Learners examine how five or six groups of electrons around a central atom cause the shape of the molecule to be trigonal bipyramidal, seesaw, T-shaped, linear, octahedral, square pyramidal, or square planar. Seven examples and three interactive questions are provided in this animated activity.
In this animated and interactive object, learners observe how two, three, or four groups of electrons around the central atom cause the shape of the molecule to be linear, trigonal planar, bent, tetrahedral, or pyramidal. Seven examples and eight interactive questions are provided.
In this interactive and animated object, students distribute the valence electrons in simple covalent molecules with one central atom. Six rules are followed to show the bonding and nonbonding electrons in Lewis dot structures. The process is well illustrated with eight worked examples and two interactive practice problems.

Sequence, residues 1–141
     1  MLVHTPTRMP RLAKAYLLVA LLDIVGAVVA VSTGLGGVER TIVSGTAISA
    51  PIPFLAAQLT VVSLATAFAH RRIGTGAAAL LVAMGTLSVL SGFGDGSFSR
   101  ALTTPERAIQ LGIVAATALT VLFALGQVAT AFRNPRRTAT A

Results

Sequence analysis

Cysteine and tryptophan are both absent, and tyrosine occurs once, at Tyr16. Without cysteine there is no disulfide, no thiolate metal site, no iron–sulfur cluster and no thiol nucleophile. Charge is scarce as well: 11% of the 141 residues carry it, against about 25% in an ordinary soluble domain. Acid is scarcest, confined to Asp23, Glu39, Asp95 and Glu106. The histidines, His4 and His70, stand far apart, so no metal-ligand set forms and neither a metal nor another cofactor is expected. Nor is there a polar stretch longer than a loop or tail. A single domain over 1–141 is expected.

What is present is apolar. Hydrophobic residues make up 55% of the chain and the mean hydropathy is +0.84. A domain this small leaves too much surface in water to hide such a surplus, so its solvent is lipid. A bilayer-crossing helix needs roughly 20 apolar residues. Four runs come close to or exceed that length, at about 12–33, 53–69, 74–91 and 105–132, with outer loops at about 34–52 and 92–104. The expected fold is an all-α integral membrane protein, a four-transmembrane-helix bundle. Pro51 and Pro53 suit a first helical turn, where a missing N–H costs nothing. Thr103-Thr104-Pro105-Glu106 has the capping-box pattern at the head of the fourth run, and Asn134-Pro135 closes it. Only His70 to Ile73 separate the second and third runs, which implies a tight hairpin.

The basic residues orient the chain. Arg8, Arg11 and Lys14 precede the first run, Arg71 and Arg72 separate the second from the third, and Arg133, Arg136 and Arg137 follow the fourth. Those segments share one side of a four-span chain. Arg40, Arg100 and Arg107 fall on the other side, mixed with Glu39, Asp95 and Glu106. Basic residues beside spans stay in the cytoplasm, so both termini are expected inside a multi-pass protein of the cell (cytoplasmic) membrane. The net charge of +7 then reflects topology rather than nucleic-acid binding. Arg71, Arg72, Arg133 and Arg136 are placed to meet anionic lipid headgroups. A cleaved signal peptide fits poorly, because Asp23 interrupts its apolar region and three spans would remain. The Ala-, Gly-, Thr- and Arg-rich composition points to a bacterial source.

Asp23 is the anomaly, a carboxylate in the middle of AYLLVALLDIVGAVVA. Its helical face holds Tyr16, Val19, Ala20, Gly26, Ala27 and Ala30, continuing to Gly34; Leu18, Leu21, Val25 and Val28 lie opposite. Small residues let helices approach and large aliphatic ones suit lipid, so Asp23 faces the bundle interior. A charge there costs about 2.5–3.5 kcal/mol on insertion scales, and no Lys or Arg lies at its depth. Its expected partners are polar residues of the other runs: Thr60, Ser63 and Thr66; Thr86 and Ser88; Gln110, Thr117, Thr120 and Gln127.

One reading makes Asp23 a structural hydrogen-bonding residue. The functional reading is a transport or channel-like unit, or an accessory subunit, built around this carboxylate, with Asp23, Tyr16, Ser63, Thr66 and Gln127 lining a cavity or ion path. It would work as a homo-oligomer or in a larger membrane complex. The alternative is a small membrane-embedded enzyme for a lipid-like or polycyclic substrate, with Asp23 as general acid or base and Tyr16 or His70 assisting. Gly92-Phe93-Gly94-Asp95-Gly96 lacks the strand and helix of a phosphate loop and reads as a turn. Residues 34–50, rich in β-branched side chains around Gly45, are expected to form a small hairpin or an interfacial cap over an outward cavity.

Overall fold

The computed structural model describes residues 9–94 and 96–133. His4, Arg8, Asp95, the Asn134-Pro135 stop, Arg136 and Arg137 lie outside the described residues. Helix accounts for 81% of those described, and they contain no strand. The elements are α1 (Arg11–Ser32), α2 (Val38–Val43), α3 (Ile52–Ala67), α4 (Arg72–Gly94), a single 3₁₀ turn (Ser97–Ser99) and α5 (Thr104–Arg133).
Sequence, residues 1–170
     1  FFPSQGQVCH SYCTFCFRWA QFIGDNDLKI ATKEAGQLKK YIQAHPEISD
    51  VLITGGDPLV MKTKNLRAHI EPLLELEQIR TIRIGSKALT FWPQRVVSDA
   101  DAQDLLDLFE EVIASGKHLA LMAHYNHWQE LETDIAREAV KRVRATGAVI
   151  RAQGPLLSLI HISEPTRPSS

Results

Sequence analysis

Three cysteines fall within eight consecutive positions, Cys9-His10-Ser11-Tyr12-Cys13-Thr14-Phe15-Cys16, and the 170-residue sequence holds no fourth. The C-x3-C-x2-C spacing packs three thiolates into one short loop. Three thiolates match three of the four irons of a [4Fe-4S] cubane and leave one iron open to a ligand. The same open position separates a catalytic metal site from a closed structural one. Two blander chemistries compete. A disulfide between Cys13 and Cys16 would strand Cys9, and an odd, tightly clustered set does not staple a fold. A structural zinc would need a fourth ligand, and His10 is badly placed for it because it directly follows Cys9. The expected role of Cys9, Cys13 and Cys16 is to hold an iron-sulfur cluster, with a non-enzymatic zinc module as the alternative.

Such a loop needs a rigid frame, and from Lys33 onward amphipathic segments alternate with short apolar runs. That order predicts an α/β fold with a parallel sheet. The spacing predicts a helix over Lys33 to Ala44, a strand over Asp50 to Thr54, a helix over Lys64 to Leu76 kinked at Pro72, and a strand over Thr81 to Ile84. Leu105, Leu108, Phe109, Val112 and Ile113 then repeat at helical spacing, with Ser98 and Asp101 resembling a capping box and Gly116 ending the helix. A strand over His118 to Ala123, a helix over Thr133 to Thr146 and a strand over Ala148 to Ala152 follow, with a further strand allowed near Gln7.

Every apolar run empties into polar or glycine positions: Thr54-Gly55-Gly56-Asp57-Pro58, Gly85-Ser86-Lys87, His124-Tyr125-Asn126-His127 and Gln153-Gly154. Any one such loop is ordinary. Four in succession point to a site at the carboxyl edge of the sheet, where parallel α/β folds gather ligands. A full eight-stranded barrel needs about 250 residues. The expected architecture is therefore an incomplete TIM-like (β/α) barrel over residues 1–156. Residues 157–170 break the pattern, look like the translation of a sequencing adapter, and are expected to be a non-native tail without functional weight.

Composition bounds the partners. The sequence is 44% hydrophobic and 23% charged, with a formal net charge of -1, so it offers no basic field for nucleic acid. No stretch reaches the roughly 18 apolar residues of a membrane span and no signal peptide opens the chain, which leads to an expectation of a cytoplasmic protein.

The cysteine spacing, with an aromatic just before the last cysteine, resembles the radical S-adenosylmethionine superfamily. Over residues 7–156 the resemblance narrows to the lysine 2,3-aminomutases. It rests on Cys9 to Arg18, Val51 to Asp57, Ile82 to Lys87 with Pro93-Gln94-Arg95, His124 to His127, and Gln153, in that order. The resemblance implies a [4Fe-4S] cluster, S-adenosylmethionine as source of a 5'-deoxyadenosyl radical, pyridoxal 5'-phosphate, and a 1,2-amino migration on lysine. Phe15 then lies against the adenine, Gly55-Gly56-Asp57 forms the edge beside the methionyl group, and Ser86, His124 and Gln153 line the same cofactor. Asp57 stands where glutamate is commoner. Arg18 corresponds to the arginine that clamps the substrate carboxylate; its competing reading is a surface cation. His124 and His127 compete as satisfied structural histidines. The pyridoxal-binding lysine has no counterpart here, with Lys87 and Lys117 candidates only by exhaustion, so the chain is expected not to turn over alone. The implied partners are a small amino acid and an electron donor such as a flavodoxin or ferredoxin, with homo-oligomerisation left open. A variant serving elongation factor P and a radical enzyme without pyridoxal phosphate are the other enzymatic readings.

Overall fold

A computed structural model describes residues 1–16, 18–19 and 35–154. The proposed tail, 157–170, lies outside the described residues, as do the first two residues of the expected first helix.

Vapor pressure is the pressure exerted by molecules in the gas phase in equilibrium with a liquid or a solid. Two examples are used to illustrate vapor pressure: the drying of clothes and the evaporation of ice.
This screencast shows how blood droplets are held together by a strong cohesive molecular force that produces surface tension in each drop and on the external force. Surface tension pulls the surface molecules of a liquid toward its interior, decreasing the surface area and causing the liquid to resist penetration.